Lateral Extracavitary Corpectomy for Spine Tumors is Effective & Safe
A patient presented with persistent, progressive back pain unrelated to level of activity and refractory to medication. An X-ray and MRI revealed the presence of a tumor on his spine. To stabilize the spine and resect the tumor, Dr. Benjamin Cohen and Dr. Marc Agulnick performed a lateral extracavitary corpectomy — which allows for the simultaneous exposure of the posterior bony elements and anterior vertebral column through the same, small incision.
This minimally invasive procedure is a technically challenging surgery requiring extraordinary skill, experience and thorough knowledge of the thoracic and retroperitoneal anatomy, but allows the surgeon to access the anterior lateral aspects of the spine and dura without exposing the anterior thoracic or abdominal cavity, and without the need for a much lengthier and involved two-stage procedure. After stabilizing the spine posteriorly with pedicle screws and hooks linked together with rods on either side of the spinal column, they accessed the front of the spine by resecting a section of the posterior rib on one side. Through that one small portal, the diseased vertebra was removed, the stabilizing instrumentation was affixed, and an expandable, titanium mesh cage filled with the resected rib was placed to produce a bone graft, facilitate spinal fusion and create a new, cancer-free "vertebra."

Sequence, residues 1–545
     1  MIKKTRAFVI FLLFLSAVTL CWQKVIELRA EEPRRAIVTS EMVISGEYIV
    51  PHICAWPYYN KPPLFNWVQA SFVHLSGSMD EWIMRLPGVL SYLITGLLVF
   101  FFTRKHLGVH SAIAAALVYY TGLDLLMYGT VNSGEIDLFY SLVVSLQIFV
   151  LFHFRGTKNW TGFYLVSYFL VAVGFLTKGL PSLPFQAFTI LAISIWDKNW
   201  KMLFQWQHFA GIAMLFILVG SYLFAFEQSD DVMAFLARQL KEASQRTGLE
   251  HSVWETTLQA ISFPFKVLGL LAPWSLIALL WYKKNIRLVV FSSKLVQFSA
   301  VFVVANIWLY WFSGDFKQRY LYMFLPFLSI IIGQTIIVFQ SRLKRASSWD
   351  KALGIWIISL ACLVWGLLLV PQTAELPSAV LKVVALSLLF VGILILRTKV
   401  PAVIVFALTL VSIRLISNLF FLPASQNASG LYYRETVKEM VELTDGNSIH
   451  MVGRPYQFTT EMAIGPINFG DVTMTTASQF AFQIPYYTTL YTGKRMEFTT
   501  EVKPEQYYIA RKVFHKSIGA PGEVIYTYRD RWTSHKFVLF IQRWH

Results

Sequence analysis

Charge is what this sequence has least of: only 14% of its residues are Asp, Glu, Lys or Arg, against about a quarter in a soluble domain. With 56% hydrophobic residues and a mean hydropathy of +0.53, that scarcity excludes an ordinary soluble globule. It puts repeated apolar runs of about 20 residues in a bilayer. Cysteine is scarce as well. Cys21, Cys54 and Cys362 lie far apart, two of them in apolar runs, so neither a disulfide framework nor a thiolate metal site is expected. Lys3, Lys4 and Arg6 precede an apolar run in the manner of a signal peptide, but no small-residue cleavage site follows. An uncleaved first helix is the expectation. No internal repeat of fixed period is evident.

Full text of this article can be found on pp 7-8 of the Fall 2010 issue of Winthrop University Hospital's Progressive Neuroscience